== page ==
I recently engaged in a lively LinkedIn Presentation group discussion about whether or not presenters should use slides. Here’s a summary of my comments, based on years of coaching executives, for you workplace presenters with similar concerns.
To slide or not to slide … ah, that’s a great question. To answer that question for your specific presentation, first ask yourself a lot more questions:
- Does your audience really need slides for them to accomplish the defined outcomes that brought you in front of them to begin with?
- Will slides help them pay attention, understand and retain your message?
- How do they feel about PowerPoint in presentations in general?
- Have they’ve endured lots of ‘Death by PowerPoint’ with previous presenters or sessions?
- If so, how will seeing a title slide up when they walk in your room impact their expectations for your presentation? Their anticipation of pain is not a great way for them to start being your audience.
- Will slides suggest that what they’re about to experience is a canned, generic slide show lecture with minimal interaction and audience engagement?
- Conversely, will the absence of slides suggest more of an interactive and engaging conversation … or an ill-prepared ad-libbed blab session?
- How will your use of slides – or not – impact your image as a competent workplace communicator, leader or resource?
Therefore, your decision to use slides should be based on the above analysis, not in the absence of it. If the answer is ‘yes’, then I advise that less is more, bigger is better, pictures trump words, animation is lame and ‘cute’ is even lamer for most messages.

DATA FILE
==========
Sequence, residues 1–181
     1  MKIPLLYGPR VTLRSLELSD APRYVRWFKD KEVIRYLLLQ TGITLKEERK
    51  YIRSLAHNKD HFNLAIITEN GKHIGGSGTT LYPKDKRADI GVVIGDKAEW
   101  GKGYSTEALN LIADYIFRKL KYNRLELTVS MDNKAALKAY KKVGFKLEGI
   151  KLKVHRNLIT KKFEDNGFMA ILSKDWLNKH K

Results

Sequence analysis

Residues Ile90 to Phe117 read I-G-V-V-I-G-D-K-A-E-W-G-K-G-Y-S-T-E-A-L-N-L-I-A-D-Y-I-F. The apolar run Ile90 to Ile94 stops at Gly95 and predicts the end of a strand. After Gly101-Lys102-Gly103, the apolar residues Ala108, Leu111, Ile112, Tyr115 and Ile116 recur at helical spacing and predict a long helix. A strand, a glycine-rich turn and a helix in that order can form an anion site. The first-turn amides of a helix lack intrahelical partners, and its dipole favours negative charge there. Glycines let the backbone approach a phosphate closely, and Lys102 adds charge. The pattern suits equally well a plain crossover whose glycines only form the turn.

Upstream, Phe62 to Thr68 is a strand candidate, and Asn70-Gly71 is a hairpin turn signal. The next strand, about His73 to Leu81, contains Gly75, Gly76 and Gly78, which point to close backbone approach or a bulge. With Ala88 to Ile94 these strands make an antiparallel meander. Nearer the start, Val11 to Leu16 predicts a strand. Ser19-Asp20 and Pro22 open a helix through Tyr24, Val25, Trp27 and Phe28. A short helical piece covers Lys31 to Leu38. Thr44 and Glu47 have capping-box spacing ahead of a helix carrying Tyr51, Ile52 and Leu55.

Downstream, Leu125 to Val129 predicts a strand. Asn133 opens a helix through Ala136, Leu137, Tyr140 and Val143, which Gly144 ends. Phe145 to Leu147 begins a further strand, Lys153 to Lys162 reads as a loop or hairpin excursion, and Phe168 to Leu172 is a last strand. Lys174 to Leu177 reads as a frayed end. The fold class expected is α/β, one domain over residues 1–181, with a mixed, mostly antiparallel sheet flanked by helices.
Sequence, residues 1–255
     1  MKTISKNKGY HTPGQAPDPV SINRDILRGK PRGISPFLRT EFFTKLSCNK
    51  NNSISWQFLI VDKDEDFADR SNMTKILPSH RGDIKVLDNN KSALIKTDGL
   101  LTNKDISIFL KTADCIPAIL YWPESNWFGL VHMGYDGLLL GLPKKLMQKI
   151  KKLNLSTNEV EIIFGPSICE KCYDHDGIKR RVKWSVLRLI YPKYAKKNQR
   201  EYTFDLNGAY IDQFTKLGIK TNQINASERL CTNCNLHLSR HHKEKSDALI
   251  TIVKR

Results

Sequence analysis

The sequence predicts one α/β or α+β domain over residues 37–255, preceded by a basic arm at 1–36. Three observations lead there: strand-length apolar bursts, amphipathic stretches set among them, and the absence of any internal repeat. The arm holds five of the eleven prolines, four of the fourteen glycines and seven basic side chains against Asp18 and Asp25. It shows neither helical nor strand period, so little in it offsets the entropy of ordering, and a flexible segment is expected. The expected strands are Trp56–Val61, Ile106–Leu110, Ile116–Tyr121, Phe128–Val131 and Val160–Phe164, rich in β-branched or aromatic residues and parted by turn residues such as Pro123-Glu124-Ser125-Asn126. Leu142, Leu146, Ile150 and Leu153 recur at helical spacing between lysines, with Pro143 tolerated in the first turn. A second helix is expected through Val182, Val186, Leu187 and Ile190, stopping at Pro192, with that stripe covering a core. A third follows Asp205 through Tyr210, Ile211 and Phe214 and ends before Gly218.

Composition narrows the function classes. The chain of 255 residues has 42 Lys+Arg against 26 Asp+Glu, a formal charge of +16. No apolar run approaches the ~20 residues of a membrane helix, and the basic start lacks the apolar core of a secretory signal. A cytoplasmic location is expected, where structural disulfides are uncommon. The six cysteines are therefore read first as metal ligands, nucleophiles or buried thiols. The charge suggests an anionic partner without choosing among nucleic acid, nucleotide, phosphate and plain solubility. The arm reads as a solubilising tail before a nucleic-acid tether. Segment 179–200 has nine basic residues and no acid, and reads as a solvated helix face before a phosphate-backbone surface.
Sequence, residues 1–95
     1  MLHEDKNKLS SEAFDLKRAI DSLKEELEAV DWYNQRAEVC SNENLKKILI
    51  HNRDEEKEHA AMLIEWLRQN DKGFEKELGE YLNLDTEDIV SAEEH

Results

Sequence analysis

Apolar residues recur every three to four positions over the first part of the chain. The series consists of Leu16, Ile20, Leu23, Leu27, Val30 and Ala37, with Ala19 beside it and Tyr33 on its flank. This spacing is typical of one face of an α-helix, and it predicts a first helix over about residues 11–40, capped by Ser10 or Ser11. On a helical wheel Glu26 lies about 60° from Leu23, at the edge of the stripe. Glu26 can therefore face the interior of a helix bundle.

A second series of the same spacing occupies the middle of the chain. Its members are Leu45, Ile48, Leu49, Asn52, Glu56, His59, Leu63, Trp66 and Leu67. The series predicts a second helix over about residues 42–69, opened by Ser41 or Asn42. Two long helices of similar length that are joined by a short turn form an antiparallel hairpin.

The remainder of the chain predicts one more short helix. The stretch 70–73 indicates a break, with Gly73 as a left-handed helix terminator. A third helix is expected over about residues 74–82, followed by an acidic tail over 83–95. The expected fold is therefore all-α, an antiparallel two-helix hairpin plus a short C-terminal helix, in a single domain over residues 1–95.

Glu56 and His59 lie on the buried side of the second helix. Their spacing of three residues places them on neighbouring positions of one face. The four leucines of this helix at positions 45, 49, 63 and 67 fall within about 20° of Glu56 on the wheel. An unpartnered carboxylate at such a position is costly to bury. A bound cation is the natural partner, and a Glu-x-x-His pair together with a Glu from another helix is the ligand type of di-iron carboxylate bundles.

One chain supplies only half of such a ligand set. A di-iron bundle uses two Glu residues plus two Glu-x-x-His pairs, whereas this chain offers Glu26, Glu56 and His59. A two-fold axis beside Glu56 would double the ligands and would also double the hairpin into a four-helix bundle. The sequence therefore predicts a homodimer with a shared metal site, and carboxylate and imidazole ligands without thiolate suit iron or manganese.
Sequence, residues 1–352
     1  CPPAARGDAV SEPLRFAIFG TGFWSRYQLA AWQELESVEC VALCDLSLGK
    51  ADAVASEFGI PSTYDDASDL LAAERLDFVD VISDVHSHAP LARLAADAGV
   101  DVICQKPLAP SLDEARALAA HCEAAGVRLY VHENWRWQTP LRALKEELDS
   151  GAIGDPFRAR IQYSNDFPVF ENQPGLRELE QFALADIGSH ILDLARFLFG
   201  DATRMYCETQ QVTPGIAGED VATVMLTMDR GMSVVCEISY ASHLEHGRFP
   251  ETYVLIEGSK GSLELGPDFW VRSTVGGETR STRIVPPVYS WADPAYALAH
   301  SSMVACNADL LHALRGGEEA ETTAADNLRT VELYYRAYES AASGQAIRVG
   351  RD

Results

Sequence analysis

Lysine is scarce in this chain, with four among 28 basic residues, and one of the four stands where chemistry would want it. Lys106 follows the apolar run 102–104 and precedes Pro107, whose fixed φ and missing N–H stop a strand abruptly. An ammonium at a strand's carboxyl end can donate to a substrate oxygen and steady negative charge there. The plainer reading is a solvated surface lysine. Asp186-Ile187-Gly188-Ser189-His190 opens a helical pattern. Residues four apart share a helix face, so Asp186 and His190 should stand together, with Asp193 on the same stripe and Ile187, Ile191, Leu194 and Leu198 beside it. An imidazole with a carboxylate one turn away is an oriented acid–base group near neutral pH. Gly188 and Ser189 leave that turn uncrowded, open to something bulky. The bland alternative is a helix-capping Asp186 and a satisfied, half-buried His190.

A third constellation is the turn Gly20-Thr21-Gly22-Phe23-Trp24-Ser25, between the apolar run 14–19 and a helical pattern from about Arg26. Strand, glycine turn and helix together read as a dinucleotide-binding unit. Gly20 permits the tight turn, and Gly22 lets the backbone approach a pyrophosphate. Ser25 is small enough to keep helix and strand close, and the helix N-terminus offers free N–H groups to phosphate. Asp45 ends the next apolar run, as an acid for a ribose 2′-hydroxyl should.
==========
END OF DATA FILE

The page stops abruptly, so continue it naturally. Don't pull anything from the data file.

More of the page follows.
A group member commented that she liked to use slides to keep her on track. I understand that reasoning but disagreed with it because it clashes with my commitment to ‘Audience-Centricity’ – everything we do is for the audience and our intended outcomes with them … not for us. When I hear that from clients, I ask them to rethink their strategy. If the primary value of the slides is as a speaker prompter, consider two alternatives:
- Create the PowerPoint, print each slide full-page landscape and add additional prompting notes as needed. Practice off these pages, but don’t drag your audience through your ‘speaker prompts’.
- The obvious simpler alternative to this is to just create large, key word prompter notes easy to see from a distance and avoid the time involved in PowerPoint layout and design.
So, the answer to the question ‘Should I use slides?’ depends on the answers to the above questions and changes based the particular details of each presentation. While a lot of thought-provoking effort each time, the results are always worth it for your outcomes, audience and image. So, do your homework and Slide Into Success!